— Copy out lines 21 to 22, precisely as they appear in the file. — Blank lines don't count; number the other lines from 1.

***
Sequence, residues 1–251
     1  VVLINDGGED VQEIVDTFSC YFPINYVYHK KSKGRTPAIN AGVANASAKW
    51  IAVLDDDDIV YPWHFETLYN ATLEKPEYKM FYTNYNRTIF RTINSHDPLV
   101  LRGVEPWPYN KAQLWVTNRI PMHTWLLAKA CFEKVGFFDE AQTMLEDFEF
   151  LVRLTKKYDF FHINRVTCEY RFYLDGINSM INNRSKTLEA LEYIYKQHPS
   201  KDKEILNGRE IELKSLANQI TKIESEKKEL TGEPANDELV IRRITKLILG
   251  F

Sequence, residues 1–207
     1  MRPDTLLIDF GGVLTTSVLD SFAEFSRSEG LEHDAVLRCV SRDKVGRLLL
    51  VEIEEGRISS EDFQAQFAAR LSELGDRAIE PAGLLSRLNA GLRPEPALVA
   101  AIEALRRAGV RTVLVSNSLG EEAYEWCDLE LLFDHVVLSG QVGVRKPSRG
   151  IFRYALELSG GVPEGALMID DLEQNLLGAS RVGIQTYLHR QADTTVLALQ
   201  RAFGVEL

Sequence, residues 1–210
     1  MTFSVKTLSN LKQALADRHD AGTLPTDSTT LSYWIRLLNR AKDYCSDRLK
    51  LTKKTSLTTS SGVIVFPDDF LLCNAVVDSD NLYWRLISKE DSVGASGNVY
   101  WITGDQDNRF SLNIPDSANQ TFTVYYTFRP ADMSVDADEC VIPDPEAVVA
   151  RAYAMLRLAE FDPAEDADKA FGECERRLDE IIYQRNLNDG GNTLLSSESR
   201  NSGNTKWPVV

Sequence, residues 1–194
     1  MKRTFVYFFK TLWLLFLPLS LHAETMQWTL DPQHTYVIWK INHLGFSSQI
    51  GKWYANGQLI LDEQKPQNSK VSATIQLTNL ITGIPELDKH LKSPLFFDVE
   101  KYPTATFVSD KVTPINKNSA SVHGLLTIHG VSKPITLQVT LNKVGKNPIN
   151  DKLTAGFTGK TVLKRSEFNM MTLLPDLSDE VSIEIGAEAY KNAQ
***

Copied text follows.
     1  MKRTFVYFFK TLWLLFLPLS LHAETMQWTL DPQHTYVIWK INHLGFSSQI
    51  GKWYANGQLI LDEQKPQNSK VSATIQLTNL ITGIPELDKH LKSPLFFDVE